The New York Philharmonic and its musicians union announced an agreement Friday on a four-year labor contract.
Both orchestra management and the union, Local 802 of the American Federation of Musicians, declined to discuss the terms of the agreement, which is retroactive to Sept. 20, 2013, and runs through Sept. 20, 2017. But they did offer in a statement some general outlines of the deal, which suggests more "stocking stuffer" than giant present under the tree.
It includes "modest wage increases" in each year of the contract, and adjustments to healthcare that "continue a high level of coverage but provide for musician premium contributions" (the musicians were not making contributions under the last contract).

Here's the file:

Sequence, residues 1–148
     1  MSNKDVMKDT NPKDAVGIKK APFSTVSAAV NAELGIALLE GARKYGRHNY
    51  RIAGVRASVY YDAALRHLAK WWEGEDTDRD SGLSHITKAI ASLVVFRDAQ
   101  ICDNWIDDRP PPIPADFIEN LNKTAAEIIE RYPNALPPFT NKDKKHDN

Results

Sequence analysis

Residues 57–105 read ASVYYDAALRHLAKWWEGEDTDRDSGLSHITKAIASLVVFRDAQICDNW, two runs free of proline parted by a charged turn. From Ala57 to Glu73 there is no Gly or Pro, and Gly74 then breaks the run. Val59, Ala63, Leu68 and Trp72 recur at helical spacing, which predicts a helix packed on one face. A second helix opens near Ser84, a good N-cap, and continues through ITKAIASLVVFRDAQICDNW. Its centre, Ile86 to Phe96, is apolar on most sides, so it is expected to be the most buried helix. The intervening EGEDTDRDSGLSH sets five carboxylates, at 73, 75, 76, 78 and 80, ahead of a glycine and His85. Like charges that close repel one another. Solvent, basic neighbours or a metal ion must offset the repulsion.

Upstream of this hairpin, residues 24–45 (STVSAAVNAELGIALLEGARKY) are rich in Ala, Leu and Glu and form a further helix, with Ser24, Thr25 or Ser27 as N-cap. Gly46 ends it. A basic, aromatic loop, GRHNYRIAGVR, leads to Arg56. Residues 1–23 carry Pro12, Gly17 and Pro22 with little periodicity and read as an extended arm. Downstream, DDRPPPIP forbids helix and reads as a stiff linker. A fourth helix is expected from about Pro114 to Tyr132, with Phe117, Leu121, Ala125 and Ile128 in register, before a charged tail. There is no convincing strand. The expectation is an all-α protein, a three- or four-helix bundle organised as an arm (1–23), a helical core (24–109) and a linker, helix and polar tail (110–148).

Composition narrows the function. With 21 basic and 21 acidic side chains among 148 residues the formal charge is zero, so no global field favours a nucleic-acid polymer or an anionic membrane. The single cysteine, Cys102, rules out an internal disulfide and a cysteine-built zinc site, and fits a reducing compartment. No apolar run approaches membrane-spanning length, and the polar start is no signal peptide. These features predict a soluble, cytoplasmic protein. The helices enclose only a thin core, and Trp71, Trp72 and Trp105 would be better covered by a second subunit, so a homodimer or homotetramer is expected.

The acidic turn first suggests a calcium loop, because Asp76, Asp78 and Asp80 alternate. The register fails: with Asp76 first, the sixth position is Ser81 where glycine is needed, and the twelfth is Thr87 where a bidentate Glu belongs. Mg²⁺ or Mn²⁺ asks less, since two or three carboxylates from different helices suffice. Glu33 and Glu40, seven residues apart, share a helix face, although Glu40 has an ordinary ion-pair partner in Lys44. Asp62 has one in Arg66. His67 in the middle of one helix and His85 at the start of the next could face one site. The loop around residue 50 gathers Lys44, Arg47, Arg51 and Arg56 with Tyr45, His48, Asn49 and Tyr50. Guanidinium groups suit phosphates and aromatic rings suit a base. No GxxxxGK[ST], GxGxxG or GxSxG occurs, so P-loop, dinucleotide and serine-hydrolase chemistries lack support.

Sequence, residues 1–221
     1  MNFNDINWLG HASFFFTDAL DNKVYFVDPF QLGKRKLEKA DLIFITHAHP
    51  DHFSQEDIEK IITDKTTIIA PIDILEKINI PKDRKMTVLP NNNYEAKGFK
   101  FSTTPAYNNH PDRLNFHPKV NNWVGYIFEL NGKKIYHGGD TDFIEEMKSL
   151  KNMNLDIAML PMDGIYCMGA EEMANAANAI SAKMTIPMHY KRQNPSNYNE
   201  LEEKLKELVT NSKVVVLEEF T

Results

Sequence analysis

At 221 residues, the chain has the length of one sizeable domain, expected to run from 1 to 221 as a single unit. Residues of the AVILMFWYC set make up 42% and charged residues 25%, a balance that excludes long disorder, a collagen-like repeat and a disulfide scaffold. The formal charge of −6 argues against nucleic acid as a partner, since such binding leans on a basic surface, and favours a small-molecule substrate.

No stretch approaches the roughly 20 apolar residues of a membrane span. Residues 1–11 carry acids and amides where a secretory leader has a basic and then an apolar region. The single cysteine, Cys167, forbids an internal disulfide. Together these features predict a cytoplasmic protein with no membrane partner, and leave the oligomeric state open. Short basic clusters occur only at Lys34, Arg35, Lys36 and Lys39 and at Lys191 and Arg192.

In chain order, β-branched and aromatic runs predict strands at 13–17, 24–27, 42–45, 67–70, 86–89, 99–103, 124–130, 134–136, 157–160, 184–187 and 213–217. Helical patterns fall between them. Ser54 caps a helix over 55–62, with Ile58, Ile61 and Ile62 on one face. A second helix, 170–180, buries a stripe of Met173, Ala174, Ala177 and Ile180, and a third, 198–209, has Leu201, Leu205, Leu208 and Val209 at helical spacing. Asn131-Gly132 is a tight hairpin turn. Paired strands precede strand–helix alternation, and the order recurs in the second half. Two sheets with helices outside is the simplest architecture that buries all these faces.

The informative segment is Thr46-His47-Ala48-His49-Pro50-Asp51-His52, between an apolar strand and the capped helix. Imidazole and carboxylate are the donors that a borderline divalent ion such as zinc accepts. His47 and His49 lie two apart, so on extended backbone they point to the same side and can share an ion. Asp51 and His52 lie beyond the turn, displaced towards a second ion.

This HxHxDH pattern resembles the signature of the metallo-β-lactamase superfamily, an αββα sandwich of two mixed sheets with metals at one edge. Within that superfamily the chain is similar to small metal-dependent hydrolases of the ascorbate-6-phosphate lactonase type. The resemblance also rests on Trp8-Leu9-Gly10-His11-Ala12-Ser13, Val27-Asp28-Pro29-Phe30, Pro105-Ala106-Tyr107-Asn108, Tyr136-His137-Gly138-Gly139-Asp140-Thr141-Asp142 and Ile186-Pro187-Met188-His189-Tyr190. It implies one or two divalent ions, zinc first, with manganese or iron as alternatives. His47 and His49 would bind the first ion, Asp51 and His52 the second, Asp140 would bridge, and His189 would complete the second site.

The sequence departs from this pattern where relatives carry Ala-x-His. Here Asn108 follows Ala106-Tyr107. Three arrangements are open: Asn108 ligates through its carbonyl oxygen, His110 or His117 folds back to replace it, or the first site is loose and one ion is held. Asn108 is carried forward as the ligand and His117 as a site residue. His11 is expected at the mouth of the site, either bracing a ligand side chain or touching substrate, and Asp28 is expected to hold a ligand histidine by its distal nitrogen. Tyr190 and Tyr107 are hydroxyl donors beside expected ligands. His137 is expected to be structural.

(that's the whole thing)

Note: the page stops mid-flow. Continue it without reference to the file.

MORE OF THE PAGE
The orchestra will also maintain the current pension fund benefit levels for the first three years of the deal; pension benefit levels will be negotiated later for the final year of the contract. Under the last contract, which was signed in January 2012, pension benefits were capped at $70,000 a year per player and wages increased two percent a year.
“In these times of economic uncertainty, it was important to achieve a sense of stability, so that we can focus on bringing the highest level performances to our audience both in New York City and around the world,” said Dawn Hannay, a violist in the Philharmonic and chair of the negotiating committee in a statement. "It is time to look to the future and work together to develop new artistic initiatives."
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